Within the past 48 hours, you may have heard that the Washington Times published a confidential J Street tax return, containing private information about some of our donors.
I write to provide an explanation, to assume responsibility, and to put the whole matter in perspective in light of critically important events taking place this week on the world stage related to Israel and the Middle East.
You and I have built something spectacular in J Street. Our success has been phenomenal. In just two and a half years, our three legally independent entities (J Street, J Street Education Fund and JStreetPAC) have raised more than $11 million from over 10,000 donors.
As with so many non-profits, our work depends in part on the generosity and support of our largest donors. Among them are individuals who have provided six-figure financial support and foundations providing major grants to support the work of our Education Fund.
George Soros and his family decided to donate to J Street in the fall of 2008, well after our launch and two years after he publicly stated that it would not be helpful for him to assist in getting the effort off the ground. The family contributed an average of $250,000 per year over the last three years (2008-2010) and their support amounts to just over 7 percent of the total funds raised by the J Street family of organizations.
I accept responsibility personally for being less than clear about Mr. Soros’ support once he did become a donor. I said Mr. Soros did not help launch J Street or provide its initial funding, and that is true. I also said we would be happy to take his support. But I did not go the extra step to add that he did in fact start providing support in the fall of 2008, six months after our launch.
J Street does not reveal the names of donors to its 501(c)(4) corporation or the amounts of their contributions. Neither do nearly all such entities in the United States. The law guarantees donors their privacy and confidentiality. Nevertheless, my answers regarding Mr. Soros were misleading. I deeply and genuinely apologize for that and for any distraction from J Street’s important work created by my actions and decisions.
Some press reports have also noted a large contribution on our return from a resident of Hong Kong named Consolacion Esdicul. The explanation for this is straightforward. Bill Benter, a philanthropist and political activist from Pittsburgh, is a major supporter of and contributor to J Street. He is a generous donor to a range of causes related to his hometown, national politics and the Arab-Israeli conflict, and a passionate advocate for peace.
As we were launching J Street, Bill committed to contribute and to help raise substantial funds for the effort should we get it off the ground. One contribution he helped raise was from Ms. Esdicul, a business associate from Hong Kong, where he lives for part of the year and has business holdings.
The Esdicul contribution represents a significant portion of the one tax filing that was leaked – and seems high when viewed in isolation – but it represents just over 7 percent of the $11 million raised by all aspects of J Street since it was launched.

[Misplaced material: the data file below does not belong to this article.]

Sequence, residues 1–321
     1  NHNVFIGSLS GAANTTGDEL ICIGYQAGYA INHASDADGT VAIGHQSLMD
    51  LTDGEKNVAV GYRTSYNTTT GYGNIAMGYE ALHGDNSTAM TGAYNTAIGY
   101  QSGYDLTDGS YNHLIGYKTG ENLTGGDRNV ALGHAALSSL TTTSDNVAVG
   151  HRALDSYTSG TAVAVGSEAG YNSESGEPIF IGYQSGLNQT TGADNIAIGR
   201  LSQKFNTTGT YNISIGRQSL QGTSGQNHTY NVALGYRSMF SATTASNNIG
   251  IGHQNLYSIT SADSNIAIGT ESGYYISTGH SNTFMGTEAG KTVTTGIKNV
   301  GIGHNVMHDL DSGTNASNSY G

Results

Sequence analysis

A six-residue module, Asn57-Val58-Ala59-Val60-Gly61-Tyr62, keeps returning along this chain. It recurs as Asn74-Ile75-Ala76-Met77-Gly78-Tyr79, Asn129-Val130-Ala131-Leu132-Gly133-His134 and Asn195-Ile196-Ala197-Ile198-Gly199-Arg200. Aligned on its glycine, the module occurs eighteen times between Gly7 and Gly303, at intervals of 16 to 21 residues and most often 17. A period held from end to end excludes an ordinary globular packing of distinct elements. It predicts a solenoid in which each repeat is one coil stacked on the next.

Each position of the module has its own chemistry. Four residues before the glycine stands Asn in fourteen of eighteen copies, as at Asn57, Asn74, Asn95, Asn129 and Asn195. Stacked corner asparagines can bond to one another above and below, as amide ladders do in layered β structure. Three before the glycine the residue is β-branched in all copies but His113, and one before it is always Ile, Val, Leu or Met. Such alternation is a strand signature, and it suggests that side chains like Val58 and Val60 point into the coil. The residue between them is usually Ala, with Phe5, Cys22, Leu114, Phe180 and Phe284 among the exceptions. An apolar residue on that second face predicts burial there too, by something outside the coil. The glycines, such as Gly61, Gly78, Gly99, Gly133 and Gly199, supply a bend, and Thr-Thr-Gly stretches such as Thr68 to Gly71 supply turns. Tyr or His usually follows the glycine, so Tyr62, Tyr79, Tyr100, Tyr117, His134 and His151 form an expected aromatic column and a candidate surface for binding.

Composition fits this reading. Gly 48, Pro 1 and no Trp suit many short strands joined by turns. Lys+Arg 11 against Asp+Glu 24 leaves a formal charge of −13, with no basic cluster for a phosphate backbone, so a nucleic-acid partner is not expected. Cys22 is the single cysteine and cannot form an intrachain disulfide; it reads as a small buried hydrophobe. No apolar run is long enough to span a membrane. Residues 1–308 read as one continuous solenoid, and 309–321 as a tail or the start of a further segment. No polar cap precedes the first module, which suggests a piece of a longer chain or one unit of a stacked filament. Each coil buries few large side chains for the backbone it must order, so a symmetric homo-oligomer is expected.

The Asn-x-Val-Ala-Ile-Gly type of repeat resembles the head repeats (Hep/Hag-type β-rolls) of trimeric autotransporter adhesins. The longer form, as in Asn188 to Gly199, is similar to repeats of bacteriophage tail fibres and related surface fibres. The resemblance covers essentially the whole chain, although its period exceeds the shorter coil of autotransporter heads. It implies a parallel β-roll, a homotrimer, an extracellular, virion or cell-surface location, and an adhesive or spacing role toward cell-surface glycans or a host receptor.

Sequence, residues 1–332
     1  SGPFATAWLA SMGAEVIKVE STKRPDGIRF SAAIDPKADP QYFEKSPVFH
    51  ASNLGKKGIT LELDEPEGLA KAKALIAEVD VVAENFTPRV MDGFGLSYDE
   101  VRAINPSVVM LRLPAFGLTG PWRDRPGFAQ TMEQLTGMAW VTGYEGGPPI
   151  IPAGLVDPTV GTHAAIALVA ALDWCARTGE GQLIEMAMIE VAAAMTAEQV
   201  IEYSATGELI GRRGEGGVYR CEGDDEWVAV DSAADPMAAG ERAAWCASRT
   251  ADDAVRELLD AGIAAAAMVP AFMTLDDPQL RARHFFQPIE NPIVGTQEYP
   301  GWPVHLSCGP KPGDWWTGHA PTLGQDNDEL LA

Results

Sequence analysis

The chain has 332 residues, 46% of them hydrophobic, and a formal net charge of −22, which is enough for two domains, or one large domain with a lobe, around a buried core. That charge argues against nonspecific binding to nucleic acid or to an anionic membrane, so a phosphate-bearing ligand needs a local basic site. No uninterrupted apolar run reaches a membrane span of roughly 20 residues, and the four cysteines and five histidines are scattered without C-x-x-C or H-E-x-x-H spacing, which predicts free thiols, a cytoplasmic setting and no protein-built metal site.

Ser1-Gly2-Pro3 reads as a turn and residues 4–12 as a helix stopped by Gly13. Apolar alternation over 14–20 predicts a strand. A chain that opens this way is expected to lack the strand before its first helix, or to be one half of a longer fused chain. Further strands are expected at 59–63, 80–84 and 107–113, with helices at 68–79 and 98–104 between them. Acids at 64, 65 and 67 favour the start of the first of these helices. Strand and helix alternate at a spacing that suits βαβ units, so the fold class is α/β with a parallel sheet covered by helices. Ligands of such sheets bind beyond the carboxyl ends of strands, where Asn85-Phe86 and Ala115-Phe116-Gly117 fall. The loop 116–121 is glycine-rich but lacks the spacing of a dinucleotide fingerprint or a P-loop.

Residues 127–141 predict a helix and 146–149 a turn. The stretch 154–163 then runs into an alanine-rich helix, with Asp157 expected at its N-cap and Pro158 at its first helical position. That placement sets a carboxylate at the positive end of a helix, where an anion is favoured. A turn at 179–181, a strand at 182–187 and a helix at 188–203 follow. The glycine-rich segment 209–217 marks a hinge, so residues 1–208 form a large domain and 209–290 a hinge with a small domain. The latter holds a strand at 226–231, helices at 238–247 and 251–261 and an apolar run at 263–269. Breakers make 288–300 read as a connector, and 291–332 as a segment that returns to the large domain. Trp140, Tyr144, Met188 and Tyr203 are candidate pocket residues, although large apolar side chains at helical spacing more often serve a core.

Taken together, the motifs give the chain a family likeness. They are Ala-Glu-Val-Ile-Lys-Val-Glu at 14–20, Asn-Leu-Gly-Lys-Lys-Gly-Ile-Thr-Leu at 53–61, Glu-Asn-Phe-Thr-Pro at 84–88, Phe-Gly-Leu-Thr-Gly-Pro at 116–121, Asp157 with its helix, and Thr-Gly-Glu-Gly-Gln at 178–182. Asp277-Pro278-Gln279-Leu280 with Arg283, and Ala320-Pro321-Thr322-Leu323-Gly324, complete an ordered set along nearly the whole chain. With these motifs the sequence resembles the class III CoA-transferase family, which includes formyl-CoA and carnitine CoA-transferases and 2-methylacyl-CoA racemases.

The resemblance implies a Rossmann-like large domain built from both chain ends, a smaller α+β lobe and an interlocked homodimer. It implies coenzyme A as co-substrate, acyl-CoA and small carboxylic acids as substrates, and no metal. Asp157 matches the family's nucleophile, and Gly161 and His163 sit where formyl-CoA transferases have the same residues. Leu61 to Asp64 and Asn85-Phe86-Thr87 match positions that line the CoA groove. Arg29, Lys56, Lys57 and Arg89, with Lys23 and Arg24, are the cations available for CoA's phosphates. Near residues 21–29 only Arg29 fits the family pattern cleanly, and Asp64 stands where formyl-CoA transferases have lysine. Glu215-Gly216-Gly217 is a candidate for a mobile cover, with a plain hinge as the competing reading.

Having reviewed the facts and accepted responsibility for this situation, I will now be direct about our critics.
Those who attack J Street over the sources of its funding are not good government watchdogs concerned about the state of non-profit financing in the United States. If our critics are really so concerned with transparency of funding, then I challenge them to reveal the sources of funds for the organizations with which they agree.
In reality, our opponents are on the other side of a broader ideological battle over American and Israeli policy, looking for any excuse to avoid debating the merits of the issues. They are defending an indefensible status quo and would lead us to a future that ensures perpetual conflict and violence, not long-term security for Israel or the United States.
J Street is providing hope for those who’ve lost it on this issue and a voice for those who feel they have been silenced. We’re giving inspiration to moderate Israelis and, yes, to Palestinians who still believe there is a way to live side-by-side in two states in peace and security.
We’ve built a base of 160,000 supporters, established local groups in 35 communities and on over 50 college campuses. Our 45 staff are in 8 cities around the country.
We’ve tapped into a pent-up longing in the Jewish community and beyond for a home that marries a love of Israel with a deep desire for long-term peace and security through a two-state solution to the Israeli-Palestinian conflict.
And a lot of people don’t like that. They attack us as anti-Israel. As self-hating Jews. They equate us with the worst enemies of the Jewish people – even as we fight for what we believe is the only way to save Israel’s Jewish and democratic soul.
The leak of our tax return at this moment is less than helpful, I know, in keeping our eye on the real challenge we face: ensuring we seize this historic opportunity to bring the Israeli-Palestinian conflict to a peaceful conclusion.
I am positive we will look back at this as a defining moment in the story of Israel and the Middle East during our lifetimes. Our leaders – here and in the region – face the choice of their lives at a fundamental fork in the road of history.
Let’s focus on the real issues at hand, the historic nature of the moment.
And let’s get on with our work.